The wonders of the ID intellect. You have to wonder if guys like Nelson actually think about what they are spewing or if they just take whatever sounds good at the momment and never think about what it means if you try and integrate it into the whole.

And so, faced with arguments he can’t refute, Paul Nelson vanishes in a cloud of pompous non-sequiturs…

As usual.

140 comments and nothing but Nelson fluff at the end.

Sad, really. I can’t imagine what the guy does for a job. Nelson claimed that he had evidence for design, but he’s never provided it.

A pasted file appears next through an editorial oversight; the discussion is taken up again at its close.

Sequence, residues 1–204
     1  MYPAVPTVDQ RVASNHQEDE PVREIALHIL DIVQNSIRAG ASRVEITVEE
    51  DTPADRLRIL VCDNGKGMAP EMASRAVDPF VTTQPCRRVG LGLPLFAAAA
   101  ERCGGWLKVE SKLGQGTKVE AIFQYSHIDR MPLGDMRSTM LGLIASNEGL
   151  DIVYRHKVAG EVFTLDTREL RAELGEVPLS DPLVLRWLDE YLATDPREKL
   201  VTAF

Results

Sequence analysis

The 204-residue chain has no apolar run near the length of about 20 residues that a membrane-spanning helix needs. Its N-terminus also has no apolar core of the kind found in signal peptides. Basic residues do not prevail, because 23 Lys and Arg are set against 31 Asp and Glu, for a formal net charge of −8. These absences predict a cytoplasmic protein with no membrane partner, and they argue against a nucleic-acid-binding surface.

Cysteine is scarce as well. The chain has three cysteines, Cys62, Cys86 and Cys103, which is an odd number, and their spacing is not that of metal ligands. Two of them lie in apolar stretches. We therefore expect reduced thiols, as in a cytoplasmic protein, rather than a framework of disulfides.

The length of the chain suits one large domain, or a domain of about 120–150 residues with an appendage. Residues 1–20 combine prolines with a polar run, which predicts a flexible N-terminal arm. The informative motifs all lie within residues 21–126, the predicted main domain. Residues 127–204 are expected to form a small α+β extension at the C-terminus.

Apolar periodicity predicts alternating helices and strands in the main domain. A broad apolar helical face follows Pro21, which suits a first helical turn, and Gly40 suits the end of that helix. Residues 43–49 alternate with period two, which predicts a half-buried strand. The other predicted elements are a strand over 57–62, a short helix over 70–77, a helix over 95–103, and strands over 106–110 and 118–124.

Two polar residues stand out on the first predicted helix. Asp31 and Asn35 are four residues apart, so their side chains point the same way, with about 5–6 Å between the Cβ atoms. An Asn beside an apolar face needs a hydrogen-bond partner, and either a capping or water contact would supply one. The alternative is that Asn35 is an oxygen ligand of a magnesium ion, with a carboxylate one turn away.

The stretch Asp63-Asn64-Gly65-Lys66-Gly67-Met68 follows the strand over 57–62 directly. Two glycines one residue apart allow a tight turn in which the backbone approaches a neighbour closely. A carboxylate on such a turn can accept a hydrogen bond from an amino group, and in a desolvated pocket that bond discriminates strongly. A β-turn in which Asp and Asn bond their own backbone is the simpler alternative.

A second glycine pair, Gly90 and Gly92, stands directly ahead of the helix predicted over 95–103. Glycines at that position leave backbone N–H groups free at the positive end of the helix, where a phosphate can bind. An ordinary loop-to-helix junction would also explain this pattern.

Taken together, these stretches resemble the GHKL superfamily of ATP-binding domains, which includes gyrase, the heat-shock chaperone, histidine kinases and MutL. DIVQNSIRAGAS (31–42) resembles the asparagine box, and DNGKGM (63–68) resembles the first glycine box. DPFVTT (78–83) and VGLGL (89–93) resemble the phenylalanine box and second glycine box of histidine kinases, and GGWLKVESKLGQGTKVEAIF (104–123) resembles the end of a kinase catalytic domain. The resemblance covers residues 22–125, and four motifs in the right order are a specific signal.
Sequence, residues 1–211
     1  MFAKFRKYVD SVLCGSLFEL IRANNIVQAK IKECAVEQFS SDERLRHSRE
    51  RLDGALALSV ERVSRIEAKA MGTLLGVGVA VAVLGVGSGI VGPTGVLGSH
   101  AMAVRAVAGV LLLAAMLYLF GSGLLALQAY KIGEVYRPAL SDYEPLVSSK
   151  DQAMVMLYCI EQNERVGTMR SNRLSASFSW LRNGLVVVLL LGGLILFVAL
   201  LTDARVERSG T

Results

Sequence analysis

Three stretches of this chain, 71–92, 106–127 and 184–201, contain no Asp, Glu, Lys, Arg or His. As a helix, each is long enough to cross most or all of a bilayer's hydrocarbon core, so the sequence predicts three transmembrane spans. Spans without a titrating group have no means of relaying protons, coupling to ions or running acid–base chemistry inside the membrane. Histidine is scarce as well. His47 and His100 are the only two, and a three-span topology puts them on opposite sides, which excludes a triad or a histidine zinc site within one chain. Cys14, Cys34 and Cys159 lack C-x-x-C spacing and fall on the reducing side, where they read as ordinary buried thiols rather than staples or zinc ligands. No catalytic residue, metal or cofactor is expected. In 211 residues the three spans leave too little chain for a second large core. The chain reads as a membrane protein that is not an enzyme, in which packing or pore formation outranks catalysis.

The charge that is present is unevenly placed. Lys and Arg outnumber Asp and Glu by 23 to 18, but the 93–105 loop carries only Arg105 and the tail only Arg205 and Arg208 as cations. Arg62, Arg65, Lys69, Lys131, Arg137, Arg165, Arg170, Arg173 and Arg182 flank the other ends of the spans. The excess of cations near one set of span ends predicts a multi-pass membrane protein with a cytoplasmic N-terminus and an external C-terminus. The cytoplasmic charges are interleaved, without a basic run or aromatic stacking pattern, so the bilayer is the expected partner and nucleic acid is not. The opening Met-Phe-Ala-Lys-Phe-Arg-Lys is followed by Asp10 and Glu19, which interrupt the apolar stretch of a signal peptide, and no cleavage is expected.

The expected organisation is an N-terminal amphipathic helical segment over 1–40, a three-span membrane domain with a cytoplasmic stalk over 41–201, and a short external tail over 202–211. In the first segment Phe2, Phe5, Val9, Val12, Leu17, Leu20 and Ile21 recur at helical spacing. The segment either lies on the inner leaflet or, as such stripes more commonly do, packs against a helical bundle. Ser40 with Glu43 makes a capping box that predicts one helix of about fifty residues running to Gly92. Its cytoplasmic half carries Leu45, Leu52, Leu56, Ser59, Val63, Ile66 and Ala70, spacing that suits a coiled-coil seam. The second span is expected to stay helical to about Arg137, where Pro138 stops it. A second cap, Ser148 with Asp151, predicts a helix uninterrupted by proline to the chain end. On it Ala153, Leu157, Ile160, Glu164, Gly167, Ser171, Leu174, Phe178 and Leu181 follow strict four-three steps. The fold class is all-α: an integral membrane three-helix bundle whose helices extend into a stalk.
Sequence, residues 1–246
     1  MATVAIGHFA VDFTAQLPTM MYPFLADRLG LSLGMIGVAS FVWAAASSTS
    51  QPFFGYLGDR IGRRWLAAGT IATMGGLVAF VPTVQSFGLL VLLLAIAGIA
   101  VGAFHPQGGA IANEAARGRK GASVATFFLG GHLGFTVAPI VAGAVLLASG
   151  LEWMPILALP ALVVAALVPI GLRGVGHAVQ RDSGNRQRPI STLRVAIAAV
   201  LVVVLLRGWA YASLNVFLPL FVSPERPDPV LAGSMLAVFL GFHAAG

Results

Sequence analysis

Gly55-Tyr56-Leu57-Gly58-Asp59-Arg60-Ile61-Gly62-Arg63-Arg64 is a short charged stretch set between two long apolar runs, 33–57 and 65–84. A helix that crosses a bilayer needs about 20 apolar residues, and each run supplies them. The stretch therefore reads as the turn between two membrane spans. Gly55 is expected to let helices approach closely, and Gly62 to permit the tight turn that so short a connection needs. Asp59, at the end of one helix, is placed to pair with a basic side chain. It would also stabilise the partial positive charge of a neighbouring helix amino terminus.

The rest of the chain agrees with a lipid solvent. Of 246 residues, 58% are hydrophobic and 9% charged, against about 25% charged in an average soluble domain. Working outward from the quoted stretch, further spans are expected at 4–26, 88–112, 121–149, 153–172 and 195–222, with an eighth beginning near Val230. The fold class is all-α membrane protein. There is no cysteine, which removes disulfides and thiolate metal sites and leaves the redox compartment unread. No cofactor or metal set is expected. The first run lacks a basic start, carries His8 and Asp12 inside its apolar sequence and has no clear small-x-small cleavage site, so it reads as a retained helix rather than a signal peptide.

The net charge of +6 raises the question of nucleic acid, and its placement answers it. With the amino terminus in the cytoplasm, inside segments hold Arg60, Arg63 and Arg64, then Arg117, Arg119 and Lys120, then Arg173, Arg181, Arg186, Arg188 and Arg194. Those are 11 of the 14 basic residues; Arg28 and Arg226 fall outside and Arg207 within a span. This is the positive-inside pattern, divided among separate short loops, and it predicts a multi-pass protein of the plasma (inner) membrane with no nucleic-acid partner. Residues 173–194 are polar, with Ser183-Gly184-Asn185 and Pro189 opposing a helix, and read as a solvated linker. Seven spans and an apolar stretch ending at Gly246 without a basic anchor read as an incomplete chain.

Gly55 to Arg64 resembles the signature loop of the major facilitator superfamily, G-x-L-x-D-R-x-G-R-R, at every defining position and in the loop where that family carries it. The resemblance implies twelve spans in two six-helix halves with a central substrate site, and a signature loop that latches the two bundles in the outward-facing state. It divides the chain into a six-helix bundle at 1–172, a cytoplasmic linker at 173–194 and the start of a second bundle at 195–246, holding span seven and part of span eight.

Hey, I saw lights in the sky, once. It was ET. Really. You’d know it if you saw it.

A higher-level property such as “cheerfulness” is explained via lower-level causes (a genetic lesion).

there is just so much wrong with that statement it would take an entire page to clarify it.

I’ll simply state that anyone who looks at behavior and morphology as “higher” and “lower” has got some serious issues with categorization to work out for themselves.

It really is hard to take Paul seriously.

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This page contains a single entry by Ian Musgrave published on May 8, 2007 7:27 PM.